Michael Bird, Paul Nelson, Gavin Kay, T Hoogwerf, Peter Arthofer, L Di Bella, T McShane, J Joyce, Daniel Handley, Jason Benn and Graeme Wright (College of Science & Engineering, Terrain Natural Resource Management (Wet Tropics), Northern Gulf NRM, NQ Dry Tropics, Herbert Cane Productivity Services Ltd, Burdekin Bowen Integrated Flood Plain Management Advisory Committee, Black is Green Pty Ltd, King Brown Technology, SITA Organics Pty Ltd and Peanut Company of Australia)
Compost; Biochar; Agriculture; Carbon sequestration; Greenhouse Gases

Australian Research Council - Discovery - Projects

What is 'natural'? : Locating and deciphering pre-human records of vegetation from northern Australian savannas

Indicative Funding
Pilot fieldwork has identified sinkholes of considerable depth and antiquity in the northern Territory, representing persistent long-term sediment traps akin to crater lakes. This study will assess the potential of these sinkholes to provide local, dateable, high-resolution palaeoenvironmental records, extending through the last interglacial. We believe these sedimentary archives, from prior to human colonisation of the continent, will provide the essential, but currently missing data required to determine whether humans modified fire regimes to the extent that monsoon and dry forest types were substituted by savannah in northern Australia with the result that the water balance of interior Australia was permanently modified.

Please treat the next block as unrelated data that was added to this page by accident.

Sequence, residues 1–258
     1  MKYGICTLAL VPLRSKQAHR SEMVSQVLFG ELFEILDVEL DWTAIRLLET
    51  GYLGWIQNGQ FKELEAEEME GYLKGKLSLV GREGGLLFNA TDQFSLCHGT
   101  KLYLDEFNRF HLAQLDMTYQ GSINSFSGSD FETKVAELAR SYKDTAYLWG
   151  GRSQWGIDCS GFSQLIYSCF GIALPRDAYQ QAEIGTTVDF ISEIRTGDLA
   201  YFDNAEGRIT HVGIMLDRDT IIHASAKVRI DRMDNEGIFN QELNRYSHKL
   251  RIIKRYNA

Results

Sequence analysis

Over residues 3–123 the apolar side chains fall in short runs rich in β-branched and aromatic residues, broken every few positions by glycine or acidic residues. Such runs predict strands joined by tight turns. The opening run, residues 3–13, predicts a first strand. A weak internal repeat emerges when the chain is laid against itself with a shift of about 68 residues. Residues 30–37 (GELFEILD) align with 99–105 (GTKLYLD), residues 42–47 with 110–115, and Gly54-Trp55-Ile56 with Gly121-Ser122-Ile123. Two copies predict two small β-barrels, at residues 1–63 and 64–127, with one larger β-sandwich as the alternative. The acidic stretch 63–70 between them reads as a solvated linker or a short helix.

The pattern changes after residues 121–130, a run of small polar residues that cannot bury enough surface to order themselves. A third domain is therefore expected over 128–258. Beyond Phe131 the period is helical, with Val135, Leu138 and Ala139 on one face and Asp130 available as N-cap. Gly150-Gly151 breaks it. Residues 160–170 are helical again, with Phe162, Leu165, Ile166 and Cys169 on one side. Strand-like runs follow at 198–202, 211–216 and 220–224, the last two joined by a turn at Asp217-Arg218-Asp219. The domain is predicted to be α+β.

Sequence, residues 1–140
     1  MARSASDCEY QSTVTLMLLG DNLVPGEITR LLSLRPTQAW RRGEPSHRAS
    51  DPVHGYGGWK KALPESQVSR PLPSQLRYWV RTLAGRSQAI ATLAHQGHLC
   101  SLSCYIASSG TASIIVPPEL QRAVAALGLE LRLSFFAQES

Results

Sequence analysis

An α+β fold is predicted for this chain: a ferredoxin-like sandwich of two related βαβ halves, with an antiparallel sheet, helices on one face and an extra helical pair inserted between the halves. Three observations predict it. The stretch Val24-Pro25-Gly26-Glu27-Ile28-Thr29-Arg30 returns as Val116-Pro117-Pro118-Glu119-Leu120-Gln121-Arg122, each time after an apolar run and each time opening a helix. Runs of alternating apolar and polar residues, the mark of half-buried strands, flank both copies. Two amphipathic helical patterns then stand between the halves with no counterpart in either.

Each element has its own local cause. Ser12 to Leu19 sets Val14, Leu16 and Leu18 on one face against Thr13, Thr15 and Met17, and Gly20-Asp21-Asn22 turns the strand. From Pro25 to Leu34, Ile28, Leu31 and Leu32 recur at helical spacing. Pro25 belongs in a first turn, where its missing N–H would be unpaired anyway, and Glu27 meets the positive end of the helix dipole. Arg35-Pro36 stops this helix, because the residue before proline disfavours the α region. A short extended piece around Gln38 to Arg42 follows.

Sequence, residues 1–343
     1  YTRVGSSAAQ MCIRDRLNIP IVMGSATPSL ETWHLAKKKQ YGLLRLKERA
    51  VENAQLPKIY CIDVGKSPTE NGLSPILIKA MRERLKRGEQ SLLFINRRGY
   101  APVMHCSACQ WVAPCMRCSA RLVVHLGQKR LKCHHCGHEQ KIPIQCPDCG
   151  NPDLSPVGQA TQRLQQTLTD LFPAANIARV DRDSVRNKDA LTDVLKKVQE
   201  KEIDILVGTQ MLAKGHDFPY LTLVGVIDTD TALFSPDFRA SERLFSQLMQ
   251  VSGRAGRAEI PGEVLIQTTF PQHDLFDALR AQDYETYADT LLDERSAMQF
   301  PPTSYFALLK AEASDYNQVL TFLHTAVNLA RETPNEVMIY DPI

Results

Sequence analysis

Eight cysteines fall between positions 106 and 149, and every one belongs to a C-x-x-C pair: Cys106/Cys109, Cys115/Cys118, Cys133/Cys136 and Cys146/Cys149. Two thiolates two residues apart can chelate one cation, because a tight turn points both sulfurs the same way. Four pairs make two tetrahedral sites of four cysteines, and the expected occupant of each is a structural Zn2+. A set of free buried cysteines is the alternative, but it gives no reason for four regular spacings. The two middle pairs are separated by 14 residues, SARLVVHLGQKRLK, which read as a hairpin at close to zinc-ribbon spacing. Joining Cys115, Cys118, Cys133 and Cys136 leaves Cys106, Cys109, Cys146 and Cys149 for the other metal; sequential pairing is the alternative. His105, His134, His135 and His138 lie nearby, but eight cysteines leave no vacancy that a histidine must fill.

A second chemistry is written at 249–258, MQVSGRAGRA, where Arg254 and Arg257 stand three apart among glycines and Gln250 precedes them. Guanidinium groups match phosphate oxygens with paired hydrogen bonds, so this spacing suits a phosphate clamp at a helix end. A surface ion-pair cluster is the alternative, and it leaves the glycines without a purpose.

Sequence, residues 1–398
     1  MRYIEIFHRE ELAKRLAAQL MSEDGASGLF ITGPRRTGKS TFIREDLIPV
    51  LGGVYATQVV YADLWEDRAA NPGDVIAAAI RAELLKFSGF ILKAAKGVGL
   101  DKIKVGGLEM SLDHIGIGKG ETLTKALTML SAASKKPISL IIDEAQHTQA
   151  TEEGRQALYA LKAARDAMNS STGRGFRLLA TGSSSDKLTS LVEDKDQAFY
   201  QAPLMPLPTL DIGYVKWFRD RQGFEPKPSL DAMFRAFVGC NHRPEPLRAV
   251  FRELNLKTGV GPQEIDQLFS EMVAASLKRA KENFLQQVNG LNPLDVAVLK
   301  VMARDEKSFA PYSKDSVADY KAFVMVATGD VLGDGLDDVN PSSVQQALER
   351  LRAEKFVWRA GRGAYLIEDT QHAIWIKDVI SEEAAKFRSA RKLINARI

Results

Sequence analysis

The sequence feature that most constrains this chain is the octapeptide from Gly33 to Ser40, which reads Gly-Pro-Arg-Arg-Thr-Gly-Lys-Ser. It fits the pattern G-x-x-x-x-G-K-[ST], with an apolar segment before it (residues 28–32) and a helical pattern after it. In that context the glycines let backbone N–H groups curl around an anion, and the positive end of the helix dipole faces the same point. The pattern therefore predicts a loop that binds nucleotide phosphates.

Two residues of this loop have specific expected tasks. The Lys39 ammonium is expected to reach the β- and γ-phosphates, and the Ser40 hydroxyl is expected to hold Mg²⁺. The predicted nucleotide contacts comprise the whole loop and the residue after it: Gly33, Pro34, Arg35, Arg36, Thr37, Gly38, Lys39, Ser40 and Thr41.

Michael Bird, Peter Ridd, Sean Ulm, Richard Roberts, Michael Lawes, Jon Luly and Lindsay Hutley (College of Science & Engineering, College of Arts, Society & Education, University of Wollongong and Charles Darwin University)
Palaeo Environment; Impact; Forest Savannas Dynamics

Advisory Accreditation: I can be on your Advisory Panel as a Primary or Secondary Advisor.

These Higher Degree Research projects are either current or by students who have completed their studies within the past 5 years at JCU. Linked titles show theses available within ResearchOnline@JCU.

  • Improving the Cation Retention Capacity of Tropical Soils Using High Activity Clays (PhD, Secondary Advisor)
  • Rates of Erosion and Weathering in the Tropics. (PhD, Secondary Advisor)
  • Greenhouse Gas Emissions from Soil in Mango and Banana fields: Effects of Nitrogen Fertiliser Type and Mulching (Masters, Secondary Advisor)
  • A Deeper Understanding of Isoscapes in the Tropics (PhD, Primary Advisor)
  • Soil Respiration in Tropical Savannas and Transition Zones (PhD, Primary Advisor)
  • Long Records of Environmental Change from Sinkhole Sediments in the Northern Australian Semi-Arid Zone (PhD, Primary Advisor)
  • Biochar Soil Fertility and Carbon Sequestration in the Tropics (PhD, Primary Advisor)
  • Soil Carbon Dynamics Under Oil Palm Plantations. (PhD, Secondary Advisor)
  • Modelling the Nitrogen Budget of Oil Palm Plantations to Reduce Uncertainty in Life Cycle Assesment. Case Study in Sumatra, Indonesia. (PhD, Secondary Advisor)
  • Interactions between Vegetation and Silicon Cycling in the Wet Tropics (PhD, Secondary Advisor)
  • Impacts of Biochar and Compost on Soil Fertility, Crop Performance and Carbon Sequestration in Tropical Agricultural Soils (PhD, Primary Advisor)
  • Environmental Change and Anthropogenic Fire in northern Australia during the late Holocene (PhD, Primary Advisor)

These are the most recent metadata records associated with this researcher. To see a detailed description of all dataset records, visit the JCU Research Data Catalogue.


The map shows research collaborations by institution from the past 7 years.
Note: Map points are indicative of the countries or states that institutions are associated with.

  • 5+ collaborations
  • 4 collaborations
  • 3 collaborations
  • 2 collaborations
  • 1 collaboration
  • Indicates the Tropics (Torrid Zone)